Author: Martin Trust Center

Climate Clock:COP28 montage

Photo of MIT Climate Clock courtesy of Norah Miller

by Ben Soltoff
Trust Center Entrepreneur in Residence

In early December of last year, a message appeared atop MIT’s Green Building — the tallest on campus — conveying six simple words across the Charles River: “30 RED SOX GAMES UNTIL +1.5°C.”

This message was crafted by MIT second year Norah Miller as part of a project called the MIT Climate Clock . Written in plain capital letters, against a neutral purple background, the projection itself wasn’t alarming (all sorts of weird things wind up on top of MIT buildings), but the information contained certainly was. One and a half degrees Celsius is the most ambitious global target for limiting global warming, and the world is on track to creep past that target this year (in other words, within 30 Red Sox games, 64 Celtics games, or 6 Patriots games).

It’s abundantly clear that when it comes to dealing with climate change, we’re running out of time.

I didn’t get a chance to view the MIT Climate Clock, since I was on the other side of the planet at the time, but I could still see the writing on the wall. In December, I was in Dubai, at the United Nations climate conference known as COP28. These climate summits are a yearly affair where world leaders, diplomats, researchers, activists, and even some celebrities gather in droves to make policy, set goals, and share progress. In the three decades the meetings have been happening, there have been some major steps forward — most notably the 2015 Paris Agreement — but the problem continues to get worse. Greenhouse gas emissions have continued to rise, and climate disasters like heatwaves and extreme storms have continued to get more extreme and more frequent.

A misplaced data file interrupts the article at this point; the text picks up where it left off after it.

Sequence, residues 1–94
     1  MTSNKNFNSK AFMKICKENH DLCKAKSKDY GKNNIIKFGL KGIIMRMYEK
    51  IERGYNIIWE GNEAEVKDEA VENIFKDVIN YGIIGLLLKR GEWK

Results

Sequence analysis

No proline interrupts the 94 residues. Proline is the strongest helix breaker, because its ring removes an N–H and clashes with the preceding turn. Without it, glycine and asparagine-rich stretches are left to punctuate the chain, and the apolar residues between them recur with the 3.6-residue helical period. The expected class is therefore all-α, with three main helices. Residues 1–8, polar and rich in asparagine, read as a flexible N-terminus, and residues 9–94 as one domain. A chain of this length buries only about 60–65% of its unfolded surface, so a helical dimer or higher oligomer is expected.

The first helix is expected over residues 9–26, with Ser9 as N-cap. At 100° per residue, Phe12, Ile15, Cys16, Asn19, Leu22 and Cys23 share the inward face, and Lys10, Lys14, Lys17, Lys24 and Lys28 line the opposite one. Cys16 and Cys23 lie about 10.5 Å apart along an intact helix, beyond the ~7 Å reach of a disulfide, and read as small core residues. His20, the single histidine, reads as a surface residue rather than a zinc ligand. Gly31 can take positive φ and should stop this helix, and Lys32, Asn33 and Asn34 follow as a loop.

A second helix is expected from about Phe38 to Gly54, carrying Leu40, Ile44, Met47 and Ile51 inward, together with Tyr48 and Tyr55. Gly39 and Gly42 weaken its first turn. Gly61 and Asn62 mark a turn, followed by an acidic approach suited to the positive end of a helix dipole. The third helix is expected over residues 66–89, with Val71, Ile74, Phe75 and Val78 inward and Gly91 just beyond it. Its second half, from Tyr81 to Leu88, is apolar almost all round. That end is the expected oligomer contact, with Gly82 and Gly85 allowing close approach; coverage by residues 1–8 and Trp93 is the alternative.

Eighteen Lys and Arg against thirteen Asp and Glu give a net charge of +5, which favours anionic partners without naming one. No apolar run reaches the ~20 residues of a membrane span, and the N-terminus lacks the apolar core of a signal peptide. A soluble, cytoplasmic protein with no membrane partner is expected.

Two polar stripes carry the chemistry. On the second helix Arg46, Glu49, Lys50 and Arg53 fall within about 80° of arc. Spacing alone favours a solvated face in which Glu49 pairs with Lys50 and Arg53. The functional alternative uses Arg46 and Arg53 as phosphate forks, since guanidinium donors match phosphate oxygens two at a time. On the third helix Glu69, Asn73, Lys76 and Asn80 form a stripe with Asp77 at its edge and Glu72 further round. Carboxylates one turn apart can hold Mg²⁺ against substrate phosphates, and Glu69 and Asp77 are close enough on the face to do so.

Dubai Skyline

Dubai skyline

The latest conference was the biggest one yet, with over 100,000 people in attendance, but the results were a mixed bag. The high-level outcomes have been covered extensively elsewhere, so I won’t go into too much detail. The U.N. created a fund to compensate countries for climate damages, a plethora of global institutions made commitments of varying levels of ambition, and the international community agreed on a resolution to “transition away” from fossil fuels. It was the first time a COP explicitly called out fossil fuels as a primary driver of global warming (and it’s about time), but the language was somewhat vague, and at the end of the day, it was all just language. None of the promises made at COP are formally enforced.